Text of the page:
· Having an animal present can often focus a patient on itself rather than the patient's current infirmity.
· Pets help people to relax, thus lowering blood pressure.
Animal Assisted Therapy is a great way to become more active in your community as well as bringing joy to dozens of other people.
Qualities of an Ideal Therapy Dog:
Dogs of any breed, size or age may be eligible to become therapy dogs. However, not all dogs are cut out for the job. Therapy dog candidates must possess certain traits in order to qualify. Temperament is by far the most important factor. Before even entering a training program, the therapy dog candidate must be friendly and non-aggressive. The dog must get along remarkably well with children, men, women and other animals. The dog should also be confident, patient, calm, gentle and receptive to training. Socialization is essential for all puppies, but it is especially important for a dog to be considered for a therapy program.
Becoming a Therapy Team:
Therapy dogs work with a dedicated handler. This is often, but not always, the dog's owner. If you want to become a therapy team with your dog, you must both complete thorough training.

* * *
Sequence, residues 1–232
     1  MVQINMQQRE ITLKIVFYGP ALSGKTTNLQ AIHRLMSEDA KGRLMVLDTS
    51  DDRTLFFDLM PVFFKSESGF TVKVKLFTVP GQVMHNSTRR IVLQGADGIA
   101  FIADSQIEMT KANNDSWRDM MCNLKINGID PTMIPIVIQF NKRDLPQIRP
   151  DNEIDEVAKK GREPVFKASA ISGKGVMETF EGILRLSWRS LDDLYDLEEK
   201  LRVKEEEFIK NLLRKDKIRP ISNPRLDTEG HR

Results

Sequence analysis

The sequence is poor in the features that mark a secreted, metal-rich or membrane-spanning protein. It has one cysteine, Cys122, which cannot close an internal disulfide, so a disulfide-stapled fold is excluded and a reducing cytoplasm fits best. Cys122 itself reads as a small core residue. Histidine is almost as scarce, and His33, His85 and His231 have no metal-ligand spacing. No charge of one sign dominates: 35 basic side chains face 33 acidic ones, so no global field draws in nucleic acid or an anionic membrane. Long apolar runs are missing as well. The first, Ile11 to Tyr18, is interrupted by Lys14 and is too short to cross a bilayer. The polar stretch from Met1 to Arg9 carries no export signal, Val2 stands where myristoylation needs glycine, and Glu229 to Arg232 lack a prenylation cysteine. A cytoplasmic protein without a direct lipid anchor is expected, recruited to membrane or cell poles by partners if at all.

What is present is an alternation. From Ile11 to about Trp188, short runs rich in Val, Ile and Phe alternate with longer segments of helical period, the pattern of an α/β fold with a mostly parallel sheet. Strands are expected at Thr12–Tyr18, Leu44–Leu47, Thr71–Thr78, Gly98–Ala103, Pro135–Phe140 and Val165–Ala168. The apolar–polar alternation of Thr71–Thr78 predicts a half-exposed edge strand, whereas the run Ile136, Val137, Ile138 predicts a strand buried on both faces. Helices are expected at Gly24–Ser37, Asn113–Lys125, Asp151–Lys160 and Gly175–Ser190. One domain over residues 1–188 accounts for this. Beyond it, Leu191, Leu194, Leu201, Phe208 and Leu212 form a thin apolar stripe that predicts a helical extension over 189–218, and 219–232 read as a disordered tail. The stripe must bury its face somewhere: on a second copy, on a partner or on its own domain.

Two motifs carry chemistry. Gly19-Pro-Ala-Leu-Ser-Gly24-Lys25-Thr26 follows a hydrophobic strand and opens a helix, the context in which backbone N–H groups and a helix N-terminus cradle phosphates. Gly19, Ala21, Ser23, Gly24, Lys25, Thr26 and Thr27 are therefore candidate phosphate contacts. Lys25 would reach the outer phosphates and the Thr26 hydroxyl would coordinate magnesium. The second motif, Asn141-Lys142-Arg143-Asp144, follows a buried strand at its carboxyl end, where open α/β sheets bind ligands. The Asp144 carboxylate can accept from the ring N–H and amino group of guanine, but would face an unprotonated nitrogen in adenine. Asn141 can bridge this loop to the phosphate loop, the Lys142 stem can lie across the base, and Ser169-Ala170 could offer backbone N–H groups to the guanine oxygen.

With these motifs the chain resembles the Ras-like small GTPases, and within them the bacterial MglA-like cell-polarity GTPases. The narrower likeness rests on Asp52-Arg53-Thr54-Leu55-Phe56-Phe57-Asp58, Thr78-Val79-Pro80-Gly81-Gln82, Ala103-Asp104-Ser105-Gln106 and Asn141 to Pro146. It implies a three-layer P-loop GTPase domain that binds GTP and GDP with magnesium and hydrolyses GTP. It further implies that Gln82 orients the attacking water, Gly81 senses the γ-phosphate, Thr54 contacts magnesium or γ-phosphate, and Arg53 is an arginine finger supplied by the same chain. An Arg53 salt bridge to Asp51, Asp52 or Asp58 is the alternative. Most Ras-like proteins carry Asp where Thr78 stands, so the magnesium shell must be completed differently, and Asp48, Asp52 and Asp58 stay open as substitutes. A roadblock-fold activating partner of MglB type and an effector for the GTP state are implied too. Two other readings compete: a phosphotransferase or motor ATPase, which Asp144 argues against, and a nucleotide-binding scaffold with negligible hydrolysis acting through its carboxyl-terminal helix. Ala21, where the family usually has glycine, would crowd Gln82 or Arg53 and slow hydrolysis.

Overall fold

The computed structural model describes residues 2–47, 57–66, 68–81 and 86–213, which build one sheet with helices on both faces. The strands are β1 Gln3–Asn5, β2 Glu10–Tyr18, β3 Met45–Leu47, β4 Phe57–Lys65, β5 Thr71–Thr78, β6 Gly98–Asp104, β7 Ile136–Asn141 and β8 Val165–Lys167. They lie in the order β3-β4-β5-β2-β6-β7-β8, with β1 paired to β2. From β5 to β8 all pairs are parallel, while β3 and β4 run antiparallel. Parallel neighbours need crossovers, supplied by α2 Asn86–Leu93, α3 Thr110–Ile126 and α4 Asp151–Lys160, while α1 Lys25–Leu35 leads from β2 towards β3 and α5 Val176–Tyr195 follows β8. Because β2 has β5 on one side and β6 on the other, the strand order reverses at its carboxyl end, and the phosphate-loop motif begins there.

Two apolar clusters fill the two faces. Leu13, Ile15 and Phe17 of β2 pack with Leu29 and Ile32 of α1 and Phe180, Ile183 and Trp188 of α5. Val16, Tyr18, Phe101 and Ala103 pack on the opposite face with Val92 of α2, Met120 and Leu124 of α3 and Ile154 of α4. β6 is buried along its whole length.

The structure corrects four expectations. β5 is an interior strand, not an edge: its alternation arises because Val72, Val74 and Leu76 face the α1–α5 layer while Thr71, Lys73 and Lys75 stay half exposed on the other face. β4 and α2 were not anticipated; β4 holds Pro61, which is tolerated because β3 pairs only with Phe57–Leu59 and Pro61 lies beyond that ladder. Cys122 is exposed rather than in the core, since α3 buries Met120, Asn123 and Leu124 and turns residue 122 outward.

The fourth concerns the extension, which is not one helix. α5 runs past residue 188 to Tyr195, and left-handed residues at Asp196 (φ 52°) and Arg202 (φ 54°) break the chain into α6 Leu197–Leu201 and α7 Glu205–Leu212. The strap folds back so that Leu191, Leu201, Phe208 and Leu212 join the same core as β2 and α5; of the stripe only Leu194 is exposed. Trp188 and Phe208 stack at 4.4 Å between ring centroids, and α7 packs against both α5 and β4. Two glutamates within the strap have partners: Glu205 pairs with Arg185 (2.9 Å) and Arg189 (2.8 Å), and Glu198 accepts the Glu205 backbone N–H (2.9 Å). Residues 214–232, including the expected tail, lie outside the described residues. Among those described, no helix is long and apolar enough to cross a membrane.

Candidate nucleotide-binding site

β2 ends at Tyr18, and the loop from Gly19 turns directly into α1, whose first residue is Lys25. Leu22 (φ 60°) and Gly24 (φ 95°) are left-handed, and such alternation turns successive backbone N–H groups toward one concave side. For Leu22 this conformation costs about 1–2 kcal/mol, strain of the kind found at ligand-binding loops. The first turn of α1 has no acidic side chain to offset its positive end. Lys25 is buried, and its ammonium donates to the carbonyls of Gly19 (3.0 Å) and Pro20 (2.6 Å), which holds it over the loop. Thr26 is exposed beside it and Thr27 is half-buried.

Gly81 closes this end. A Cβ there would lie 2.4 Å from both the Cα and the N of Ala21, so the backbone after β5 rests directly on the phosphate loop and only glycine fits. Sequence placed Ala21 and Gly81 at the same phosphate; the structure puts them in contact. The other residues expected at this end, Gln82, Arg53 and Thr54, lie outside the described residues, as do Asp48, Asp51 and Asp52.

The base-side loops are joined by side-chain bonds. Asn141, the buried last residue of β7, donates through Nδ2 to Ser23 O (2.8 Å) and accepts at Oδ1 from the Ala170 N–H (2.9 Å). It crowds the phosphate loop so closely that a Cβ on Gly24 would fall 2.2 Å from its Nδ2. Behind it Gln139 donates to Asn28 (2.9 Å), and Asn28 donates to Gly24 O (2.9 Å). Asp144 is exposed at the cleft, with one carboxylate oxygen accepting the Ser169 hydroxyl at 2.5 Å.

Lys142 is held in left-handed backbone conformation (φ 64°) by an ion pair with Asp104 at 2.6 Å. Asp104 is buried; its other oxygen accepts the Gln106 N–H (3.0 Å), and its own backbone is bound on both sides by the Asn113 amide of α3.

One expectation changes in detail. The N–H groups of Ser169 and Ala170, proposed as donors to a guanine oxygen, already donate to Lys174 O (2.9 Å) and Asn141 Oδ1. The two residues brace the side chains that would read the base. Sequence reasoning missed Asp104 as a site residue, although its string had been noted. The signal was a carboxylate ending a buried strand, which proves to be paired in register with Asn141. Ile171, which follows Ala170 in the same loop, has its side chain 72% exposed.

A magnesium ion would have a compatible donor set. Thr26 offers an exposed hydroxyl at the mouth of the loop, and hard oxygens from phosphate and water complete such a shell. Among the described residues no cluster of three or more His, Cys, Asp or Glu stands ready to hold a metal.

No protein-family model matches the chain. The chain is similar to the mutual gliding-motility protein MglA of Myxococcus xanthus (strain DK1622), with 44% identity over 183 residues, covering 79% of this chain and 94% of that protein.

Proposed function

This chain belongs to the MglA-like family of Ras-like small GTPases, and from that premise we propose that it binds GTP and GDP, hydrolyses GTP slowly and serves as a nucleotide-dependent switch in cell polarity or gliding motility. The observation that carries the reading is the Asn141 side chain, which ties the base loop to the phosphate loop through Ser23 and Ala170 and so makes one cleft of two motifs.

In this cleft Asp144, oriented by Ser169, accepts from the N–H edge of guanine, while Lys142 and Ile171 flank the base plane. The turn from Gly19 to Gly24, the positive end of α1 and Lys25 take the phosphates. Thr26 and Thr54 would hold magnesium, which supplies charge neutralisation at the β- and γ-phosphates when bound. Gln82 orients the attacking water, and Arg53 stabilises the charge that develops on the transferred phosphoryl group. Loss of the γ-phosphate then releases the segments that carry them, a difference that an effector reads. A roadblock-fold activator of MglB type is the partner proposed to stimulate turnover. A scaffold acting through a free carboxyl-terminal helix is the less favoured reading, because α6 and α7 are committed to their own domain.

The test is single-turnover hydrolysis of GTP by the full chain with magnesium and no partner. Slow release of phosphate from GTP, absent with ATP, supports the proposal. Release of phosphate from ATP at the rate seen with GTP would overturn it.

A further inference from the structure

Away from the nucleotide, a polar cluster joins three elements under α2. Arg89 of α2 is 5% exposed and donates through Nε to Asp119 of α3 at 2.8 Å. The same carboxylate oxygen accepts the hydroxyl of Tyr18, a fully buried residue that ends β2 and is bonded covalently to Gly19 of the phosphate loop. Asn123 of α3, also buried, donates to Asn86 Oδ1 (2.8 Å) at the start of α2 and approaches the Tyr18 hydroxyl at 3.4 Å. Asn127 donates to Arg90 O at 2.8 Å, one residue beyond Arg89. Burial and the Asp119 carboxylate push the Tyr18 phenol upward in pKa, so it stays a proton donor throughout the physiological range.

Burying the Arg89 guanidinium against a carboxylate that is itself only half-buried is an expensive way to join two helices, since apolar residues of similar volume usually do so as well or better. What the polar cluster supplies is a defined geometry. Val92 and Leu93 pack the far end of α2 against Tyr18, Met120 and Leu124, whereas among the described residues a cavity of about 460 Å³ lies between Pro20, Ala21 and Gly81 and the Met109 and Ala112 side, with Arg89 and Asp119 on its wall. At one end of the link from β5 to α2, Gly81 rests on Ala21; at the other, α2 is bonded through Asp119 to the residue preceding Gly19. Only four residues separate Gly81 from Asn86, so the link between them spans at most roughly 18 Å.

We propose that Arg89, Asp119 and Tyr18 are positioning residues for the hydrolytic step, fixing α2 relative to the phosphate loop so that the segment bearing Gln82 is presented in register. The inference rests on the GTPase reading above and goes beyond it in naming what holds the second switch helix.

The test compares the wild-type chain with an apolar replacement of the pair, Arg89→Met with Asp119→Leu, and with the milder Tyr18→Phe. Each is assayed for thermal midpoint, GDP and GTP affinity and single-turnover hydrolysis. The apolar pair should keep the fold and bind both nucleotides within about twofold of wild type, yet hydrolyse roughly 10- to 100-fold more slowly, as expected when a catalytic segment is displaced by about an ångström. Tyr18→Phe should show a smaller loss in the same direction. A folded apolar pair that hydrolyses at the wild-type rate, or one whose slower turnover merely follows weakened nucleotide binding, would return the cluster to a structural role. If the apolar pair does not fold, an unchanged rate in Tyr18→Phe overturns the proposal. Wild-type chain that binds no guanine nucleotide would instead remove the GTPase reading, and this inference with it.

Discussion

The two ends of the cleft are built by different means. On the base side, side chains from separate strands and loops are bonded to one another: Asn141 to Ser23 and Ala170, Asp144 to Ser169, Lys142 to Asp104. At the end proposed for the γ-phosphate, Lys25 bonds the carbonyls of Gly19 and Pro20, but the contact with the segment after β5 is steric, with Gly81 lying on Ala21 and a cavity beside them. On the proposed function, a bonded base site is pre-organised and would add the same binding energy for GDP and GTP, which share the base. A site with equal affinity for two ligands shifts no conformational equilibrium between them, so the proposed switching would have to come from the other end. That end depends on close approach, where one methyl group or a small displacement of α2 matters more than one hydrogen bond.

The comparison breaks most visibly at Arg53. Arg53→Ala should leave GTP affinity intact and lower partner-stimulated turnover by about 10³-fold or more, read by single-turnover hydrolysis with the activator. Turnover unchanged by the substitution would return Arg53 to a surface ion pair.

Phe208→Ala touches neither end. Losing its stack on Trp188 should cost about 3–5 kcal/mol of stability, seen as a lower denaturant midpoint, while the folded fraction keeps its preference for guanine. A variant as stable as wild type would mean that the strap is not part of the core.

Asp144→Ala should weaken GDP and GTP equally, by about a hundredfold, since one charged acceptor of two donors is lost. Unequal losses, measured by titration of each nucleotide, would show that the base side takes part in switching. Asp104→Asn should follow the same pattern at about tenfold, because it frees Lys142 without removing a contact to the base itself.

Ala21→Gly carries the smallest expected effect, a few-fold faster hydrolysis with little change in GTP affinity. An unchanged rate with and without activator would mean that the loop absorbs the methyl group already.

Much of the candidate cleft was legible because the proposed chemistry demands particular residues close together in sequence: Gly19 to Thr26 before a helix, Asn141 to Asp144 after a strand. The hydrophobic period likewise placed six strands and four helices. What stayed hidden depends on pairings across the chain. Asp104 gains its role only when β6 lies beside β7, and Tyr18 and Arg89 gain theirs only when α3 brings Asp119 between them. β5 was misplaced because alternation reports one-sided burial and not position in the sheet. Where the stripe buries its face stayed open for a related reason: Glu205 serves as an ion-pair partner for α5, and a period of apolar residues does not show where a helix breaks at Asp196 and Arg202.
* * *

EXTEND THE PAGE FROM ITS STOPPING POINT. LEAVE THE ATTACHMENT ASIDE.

WAGS (Wonderful Animals Giving Support) Pet Therapy of Kentucky Inc. has its own set of standards and required courses before a dog and handler can become a registered therapy team. Therapy dogs must also meet specific health requirements. Once the dog and handler complete all requirements, they must go through a final evaluation, or series of evaluations, to become official.
Once you and your dog become a therapy team, you can begin visiting facilities. Visits and schedules are typically arranged through your organization. Once you get out there and start making a difference, you'll be glad you took the time to go through the process. Being an animal assisted therapy team can be one of the most rewarding experiences of your life.
WAGS is a non-profit, volunteer organization based in Louisville since 1999. WAGS members believe in the special and often healing bond between people and animals. The mission of WAGS is to bring people and pets together for companionship and therapy.